Speeding up the process with out-of-the-box tools

As mentioned earlier, time was tight. Our designer had to be creative and find ways to make the process faster. Here are some of the tools she used.

Using low-code front-end tool for admin panel

In addition to the mobile app interface for regular users, we also designed an admin panel for desktops that shows the data about materials vetted by users. Our designer used a low-code tool, Retool, to build and test the admin panel while developers were busy with other tasks.

Designing and building a landing page in three days

To save developers’ time, our designer used Framer to build a landing page containing all the key information about the project. It was made in no time and launched way ahead of the product itself to facilitate pre-launch marketing.

The product was taking shape dynamically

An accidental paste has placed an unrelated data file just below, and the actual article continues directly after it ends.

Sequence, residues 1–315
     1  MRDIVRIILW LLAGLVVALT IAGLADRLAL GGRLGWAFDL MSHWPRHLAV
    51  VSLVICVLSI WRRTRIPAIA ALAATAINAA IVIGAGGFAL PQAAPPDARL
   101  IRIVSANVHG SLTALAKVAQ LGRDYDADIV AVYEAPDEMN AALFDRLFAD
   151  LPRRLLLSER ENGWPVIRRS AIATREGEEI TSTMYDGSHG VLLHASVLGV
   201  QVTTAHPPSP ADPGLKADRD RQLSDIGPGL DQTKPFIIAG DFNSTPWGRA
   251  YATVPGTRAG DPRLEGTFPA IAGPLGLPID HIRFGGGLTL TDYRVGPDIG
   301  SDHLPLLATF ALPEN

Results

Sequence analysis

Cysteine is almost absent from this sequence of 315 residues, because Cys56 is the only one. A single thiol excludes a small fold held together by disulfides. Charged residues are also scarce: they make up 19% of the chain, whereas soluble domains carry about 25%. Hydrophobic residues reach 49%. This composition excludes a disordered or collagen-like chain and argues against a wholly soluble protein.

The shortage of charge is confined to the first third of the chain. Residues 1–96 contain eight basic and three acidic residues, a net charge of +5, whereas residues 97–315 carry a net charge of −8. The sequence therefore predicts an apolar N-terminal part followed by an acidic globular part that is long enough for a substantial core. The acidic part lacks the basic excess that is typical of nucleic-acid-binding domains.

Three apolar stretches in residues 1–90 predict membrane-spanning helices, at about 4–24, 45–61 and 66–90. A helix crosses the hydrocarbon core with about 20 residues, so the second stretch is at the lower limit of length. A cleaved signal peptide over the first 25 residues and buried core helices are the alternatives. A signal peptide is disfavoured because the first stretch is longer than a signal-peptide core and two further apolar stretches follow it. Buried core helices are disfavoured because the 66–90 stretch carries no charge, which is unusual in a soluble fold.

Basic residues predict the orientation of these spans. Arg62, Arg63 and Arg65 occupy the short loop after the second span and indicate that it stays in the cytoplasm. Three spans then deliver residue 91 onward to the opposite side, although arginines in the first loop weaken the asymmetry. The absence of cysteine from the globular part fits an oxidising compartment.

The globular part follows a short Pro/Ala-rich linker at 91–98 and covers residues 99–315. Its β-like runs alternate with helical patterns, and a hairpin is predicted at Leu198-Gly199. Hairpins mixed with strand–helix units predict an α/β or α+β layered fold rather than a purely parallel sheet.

With YouVet, users can vet the materials they see on social media on certain topics to analyze the quality of the information. Initially, the product had to have more social media-like functionality, but the situation changed when the founder faced certain challenges.

Usability challenges of the main feed

The main flow of the app shows user news from social media and engages them to vet the sources, evaluate the legitimacy of the information, and analyze the emotions that each piece of news arouses. Our designer had to deal with several challenges to achieve the best experience possible:

The page had to evoke trust in the users
The design had to facilitate the vetting process as much as possible

These considerations shaped the design:

The feed looks “native”, similar to popular social media.